Busting open the door to lower day school tuition

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Toronto’s Jewish community owes a tremendous collective thank-you to the Jesin-Neuberger family for their $10-million dollar gift, and to an anonymous donor for a gift of $5 million. Some $14 million of that will go toward reducing tuition at the Anne and Max Community Hebrew Academy of Toronto by more than one-third over the next five years, making it the largest single gift dedicated to tuition reduction ever made to Jewish education in Canada.

This gift opens the door for many to remain in the day school system, as instead of tuition rising by some $12,000 from middle to high school, tuition will now be little more than it was in Grade 8.

It also allows many who have never attended day school to join TanenbaumCHAT’s “New Stream” program, designed specifically for those with limited or no prior formal Jewish education.

As wonderful as these two multimillion dollar gifts are – and they are wonderful – they only begins to open the door to solving the tuition crisis. While tuition of $18,500 is much more affordable than the almost $30,000 it would otherwise be, for many families, it’s still unaffordable.


A family earning $175,000 with one child at TanenbaumCHAT and two in elementary school will still pay more than $50,000 a year in tuition fees. This gift does nothing to address the cost of middle school and, most importantly, of elementary school, where so many make the decision not to enrol in day school. Much of the decline in high school numbers is a direct result of dropping enrolment in elementary schools. And sadly, while not directly linked, at the same time tuition is dropping at TanenbaumCHAT, its northern campus is being closed due to declining enrolment over the past number of years.

It’s most unrealistic to assume the tuition crisis can be solved with $15 million. Yet the door of tuition assistance is ajar, and we must all work together to open it far and wide. Better yet, we must remove the door completely. 

Nothing breeds success more than success. If 50, 100 or 200 students who were planning to go to public school enrol in TanenbaumCHAT, not only will hundreds begin a lifelong journey of Jewish engagement, it will be much easier to attract new donors who can be confident their dollars will make a real difference.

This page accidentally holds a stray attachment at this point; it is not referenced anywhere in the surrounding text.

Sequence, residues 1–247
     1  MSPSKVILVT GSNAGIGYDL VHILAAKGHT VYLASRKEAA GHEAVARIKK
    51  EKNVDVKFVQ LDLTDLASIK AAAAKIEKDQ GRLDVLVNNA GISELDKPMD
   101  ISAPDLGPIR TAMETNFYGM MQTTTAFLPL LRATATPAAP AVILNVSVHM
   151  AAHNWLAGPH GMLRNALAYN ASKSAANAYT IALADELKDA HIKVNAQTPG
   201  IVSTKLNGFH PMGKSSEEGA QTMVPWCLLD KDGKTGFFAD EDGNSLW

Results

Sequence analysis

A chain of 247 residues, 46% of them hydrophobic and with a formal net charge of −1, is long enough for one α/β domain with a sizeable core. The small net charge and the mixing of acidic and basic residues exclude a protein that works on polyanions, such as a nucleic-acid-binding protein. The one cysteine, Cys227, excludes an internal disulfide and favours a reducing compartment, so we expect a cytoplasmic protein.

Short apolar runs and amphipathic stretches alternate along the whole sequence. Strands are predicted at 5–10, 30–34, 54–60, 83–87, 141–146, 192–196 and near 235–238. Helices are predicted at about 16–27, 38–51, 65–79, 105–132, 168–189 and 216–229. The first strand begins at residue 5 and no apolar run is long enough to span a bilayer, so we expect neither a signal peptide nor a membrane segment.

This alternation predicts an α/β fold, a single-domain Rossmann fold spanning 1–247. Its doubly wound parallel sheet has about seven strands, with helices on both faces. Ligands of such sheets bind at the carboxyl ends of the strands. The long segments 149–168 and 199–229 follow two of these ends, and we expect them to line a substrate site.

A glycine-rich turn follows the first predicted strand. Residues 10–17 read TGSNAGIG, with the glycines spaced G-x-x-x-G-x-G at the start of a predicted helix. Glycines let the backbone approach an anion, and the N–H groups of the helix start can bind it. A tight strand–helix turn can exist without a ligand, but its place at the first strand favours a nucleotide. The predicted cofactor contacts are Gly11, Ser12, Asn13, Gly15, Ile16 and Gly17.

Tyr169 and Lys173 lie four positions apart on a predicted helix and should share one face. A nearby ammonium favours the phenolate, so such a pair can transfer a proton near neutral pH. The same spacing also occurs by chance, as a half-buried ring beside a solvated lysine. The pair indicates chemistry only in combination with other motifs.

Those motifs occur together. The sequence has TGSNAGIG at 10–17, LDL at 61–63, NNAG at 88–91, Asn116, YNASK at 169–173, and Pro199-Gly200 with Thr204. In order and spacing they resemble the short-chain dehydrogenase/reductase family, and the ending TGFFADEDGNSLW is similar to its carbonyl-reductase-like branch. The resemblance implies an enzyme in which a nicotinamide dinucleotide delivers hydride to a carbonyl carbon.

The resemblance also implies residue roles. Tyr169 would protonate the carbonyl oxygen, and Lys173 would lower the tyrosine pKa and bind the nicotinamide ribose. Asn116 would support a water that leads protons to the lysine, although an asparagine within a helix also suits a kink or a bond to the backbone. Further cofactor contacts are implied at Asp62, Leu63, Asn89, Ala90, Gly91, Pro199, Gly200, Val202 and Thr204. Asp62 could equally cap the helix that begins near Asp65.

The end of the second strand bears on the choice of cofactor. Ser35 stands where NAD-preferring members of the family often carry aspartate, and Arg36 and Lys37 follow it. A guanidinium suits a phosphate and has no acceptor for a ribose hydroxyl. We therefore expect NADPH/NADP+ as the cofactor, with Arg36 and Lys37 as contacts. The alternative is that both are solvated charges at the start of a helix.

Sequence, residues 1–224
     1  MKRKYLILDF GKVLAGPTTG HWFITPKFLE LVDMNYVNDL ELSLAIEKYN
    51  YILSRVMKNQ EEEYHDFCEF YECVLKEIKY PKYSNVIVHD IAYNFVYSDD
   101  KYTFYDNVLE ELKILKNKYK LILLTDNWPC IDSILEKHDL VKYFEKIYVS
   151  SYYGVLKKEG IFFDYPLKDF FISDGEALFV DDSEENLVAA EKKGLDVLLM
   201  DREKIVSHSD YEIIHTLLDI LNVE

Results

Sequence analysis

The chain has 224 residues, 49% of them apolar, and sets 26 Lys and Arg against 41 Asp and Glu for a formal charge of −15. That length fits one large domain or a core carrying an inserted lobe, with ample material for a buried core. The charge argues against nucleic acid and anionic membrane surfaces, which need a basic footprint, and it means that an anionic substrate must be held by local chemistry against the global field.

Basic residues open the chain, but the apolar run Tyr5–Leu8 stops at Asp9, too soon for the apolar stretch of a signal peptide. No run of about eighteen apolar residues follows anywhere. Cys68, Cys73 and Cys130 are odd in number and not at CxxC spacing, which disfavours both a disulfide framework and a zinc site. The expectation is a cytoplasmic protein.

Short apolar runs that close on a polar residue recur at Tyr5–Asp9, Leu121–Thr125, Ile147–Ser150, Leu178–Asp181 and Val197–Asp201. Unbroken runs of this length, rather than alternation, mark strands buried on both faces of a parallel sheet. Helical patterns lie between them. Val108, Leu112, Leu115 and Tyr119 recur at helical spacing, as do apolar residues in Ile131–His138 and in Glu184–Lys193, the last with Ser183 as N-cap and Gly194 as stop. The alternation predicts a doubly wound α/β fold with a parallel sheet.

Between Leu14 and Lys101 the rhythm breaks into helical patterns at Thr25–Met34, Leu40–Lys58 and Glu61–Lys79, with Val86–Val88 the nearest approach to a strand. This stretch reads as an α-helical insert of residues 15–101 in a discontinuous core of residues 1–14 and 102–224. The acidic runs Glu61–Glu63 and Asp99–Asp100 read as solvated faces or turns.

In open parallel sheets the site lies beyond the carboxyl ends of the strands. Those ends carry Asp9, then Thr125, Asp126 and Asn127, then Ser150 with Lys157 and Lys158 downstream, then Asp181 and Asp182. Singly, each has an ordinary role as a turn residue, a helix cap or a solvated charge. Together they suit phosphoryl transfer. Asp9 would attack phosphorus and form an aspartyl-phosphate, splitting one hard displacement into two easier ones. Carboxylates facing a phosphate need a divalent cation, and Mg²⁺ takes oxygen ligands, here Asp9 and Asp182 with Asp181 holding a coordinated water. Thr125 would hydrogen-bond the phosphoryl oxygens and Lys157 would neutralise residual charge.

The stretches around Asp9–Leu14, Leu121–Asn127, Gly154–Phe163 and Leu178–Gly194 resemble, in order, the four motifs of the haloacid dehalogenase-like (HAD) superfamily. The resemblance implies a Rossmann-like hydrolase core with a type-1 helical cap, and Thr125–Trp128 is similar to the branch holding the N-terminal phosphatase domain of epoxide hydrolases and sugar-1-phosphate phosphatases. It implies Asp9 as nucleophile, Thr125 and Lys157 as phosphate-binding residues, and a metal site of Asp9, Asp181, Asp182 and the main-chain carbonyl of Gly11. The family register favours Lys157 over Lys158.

I urge every one of you – yes, this means you – to speak to one family who has a child who could be at TanenbaumCHAT but is not, and encourage them to consider the tremendous benefits of a Jewish education. Even those whose interest in Jewish education may be minimal may not realize the great success TanenbaumCHAT graduates have as they move on to university and beyond.


One feature of these gifts that breaks new ground – one I really like – is that the money is dedicated to a single school. It would be great if the funds could go to all Jewish schools. However, that would dilute its impact, as tuition would likely be reduced by much less across the board as a result.

We all understand the value of competition, and we all benefit when a major player announces a drop in “prices.” It would be wonderful if, as a result of these donations, other schools will be forced to lower tuition to compete. I’d love to hear that millions of dollars were given to one elementary school to cut tuition in half, or by some $7,500 a child – if not for all, then for those who need it most. It would force donors at other schools to come forward to compete. “Consumers” – in this case the Jewish community – would be the beneficiaries. 

Our community is just too big to spread the proceeds of one donation to all. By targeting donations to one school, we can solve this crisis grade by grade, school by school. 

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